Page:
In terms of my preferences, I tend to like a balance between story and dice-rolling, and write 1-2 page backstories for my characters. I also like a cinematic style where failure means a temporary setback - however dire the situation looks, in the back of our minds we expect the heroes to succeed most of the time and achieve their objectives, and characters die only in dramatically satisfying ways if at all.

When I'm running a game, I can make that happen and people are usually OK with it. However, I also like playing. I live in a rural area so my steadiest opportunity to do so over the years is a group of friends from college, now long-distance. The GM likes a grittier, more dangerous style, where rules are rules and dice are dice and he won't save you if you do something stupid, and also the challenges are set slightly higher so there's a risk of real failure.

Now, let me be clear: I'm aware of the Same Page Tool, we've talked about it, and nowadays I generally don't play when they're doing Dark Heresy or similarly grim games. This time we're doing a 'standard' DND5e campaign, at what I perceive as a pretty average level of challenge, where the GM is setting us up against tough foes but trying to avoid TPK. I've accepted the game under these conditions and I am having fun, but I've realized that I would be having more fun if I took my character's setbacks a little less personally and adopted an attitude of "seeing how the story goes, one way or another" rather than trying to "win" all the time. (I'm not that competitive normally so this is kind of out of character.)

For example, recently we had a tough fight at the conclusion of a storyline, and the toughest foe got an humorously unreasonable number of crits. Three of us were down, the last had 5 HP, and we had a few death saving throw failures between us before we got some last-minute NPC help. So things worked out and it was a fun session, but I realized afterwards that if we hadn't had the crits to joke about and the fight had gone that poorly due to normal-high enemy rolls, I wouldn't necessarily have enjoyed it overall. If I were a neutral observer, though, I would have said it was a dramatic nail-biter but not a problem, just an interesting turn of events.

So, my question: Having made the decision to do so, how can I adjust my thinking to accommodate this more-challenging style? Especially hoping for personal experience of "How I Learned to Stop Worrying and Love the RNG", but more general advice is also OK. Note that I'm not only concerned with character death, but with smaller ups and downs where my character would reasonably get frustrated, but I as a player shouldn't.

(Note: I grew up playing GURPS where character creation is a big deal, and that's what I usually run. I've played Dark Heresy and really didn't like the system (40% chance of success is considered high, and permanently losing a Fate point to avoid death means a major tool for survivability goes down over time instead of up). I've also run Risus and played 3.5 and Star Wars Saga Edition, plus a little bit of: Hackmaster, Pathfinder, KAMB!, Call of Cthulhu, Serenity, and Microscope. I didn't really have this problem with KAMB! since it's a one-shot and the object of the game is more about seeing your characters fail hilariously than trying to accomplish anything, and I imagine Paranoia might be similar, but I'm not sure how that helps in DND where you expect to play for at least a couple months.)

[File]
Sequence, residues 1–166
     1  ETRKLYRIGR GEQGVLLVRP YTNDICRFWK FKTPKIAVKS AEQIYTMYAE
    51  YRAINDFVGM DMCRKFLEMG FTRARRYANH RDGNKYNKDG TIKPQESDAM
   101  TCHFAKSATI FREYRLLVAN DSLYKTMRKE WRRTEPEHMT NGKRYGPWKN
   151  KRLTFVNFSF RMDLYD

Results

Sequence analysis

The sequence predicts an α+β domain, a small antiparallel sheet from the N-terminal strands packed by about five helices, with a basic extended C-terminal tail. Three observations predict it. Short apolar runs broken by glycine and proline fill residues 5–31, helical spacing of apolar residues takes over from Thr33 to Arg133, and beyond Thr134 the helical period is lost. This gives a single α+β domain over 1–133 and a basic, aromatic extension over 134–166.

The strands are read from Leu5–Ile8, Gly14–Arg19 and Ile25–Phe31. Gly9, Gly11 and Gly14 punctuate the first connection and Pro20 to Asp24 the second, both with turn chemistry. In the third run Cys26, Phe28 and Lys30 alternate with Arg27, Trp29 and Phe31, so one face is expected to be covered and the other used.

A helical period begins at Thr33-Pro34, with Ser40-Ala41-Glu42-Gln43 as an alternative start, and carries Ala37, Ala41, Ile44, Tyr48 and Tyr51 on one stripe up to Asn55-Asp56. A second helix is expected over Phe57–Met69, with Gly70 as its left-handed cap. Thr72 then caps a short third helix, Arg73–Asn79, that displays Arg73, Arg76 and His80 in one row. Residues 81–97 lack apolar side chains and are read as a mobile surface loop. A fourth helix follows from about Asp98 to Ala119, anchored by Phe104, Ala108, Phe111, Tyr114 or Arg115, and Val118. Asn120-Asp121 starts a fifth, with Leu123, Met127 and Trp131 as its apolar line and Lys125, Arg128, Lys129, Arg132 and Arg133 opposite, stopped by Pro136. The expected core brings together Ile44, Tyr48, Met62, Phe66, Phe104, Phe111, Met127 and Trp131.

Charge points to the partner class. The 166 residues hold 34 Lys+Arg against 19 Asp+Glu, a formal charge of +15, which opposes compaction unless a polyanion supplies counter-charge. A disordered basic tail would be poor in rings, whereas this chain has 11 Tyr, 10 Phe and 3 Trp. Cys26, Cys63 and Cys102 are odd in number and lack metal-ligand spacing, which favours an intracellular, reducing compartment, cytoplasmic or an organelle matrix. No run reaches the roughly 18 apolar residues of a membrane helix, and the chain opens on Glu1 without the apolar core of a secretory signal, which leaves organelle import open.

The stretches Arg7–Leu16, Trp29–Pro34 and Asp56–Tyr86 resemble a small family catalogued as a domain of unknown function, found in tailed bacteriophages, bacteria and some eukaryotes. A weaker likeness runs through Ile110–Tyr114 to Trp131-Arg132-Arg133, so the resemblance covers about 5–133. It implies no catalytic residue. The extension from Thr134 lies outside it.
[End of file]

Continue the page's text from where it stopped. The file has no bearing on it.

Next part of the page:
• \$\begingroup\$ More details on the game systems you've played, and whether/how this challenge has shifted from system to system, would go a long way toward making answers that will be useful to you. EG, I imagine your experience would be very different in D&D 3.5 compared to Paranoia with its "six-pack of clones" concept, or in Great Ork Gods where you're expected to make multiple PCs per session and get penalised for taking too long to do so. Have you tried games with non-D&D-style character creation paradigms, and how did that work for you? \$\endgroup\$
    – BESW
    Commented Mar 27, 2016 at 14:35
  • 2
    \$\begingroup\$ Not sure I see why that's relevant but I'm trusting you - added. \$\endgroup\$ Commented Mar 27, 2016 at 15:06
  • 1
    \$\begingroup\$ This might seem odd, but this seems like the "wrong" kind of game to stop trying to "win"; Games that are designed to challenge the characters are the kind of games your are SUPPOSED to try to "win" and games in which challenge is not a major component are the ones where you are supposed to embrace failure. How do you handle setbacks in, say, a boardgame? \$\endgroup\$
    – Airk
    Commented Mar 28, 2016 at 19:29
  • 1
    \$\begingroup\$ @Airk That's just it - I'm not particularly competitive normally, so I don't play board games to win. I mean, yes, moment-to-moment I'm trying to use the best strategy I can, but that's not why I play in the first place, and the eventual outcome doesn't strongly affect my mood. That's what I'm trying to accomplish here as well. \$\endgroup\$ Commented Mar 29, 2016 at 2:28

6 Answers 6


On Death

You talk a fair amount about character creation being important to you, you create detailed back stories and you take time to shape each character. It seems natural to me, then, that you should also try to make sure that character deaths are important, impactful, and meaningful.

This might require talking to GMs, and adjusting the Social Contract at your tables, but it's a small change and I suspect most tables would be receptive to it. It also might require that you shift you perception a little bit, but again I don't think its a reasonable small shift to make.

Death should be avoided, but sacrifices are respected

What I mean by this is that whenever a character takes a dive, it should be a moment that is remembered and respected. In the scenario against the guy who always seems to crit, view him not as lucky, but rather as incredibly mighty. This foe has managed to cut to prices characters who have slain trolls, defeated liches, or saved villages from rampaging orcs. When he was finally defeated, at great cost, the weary remains of the party dragged themselves back to town where perhaps a shrine was raised to honor the loss.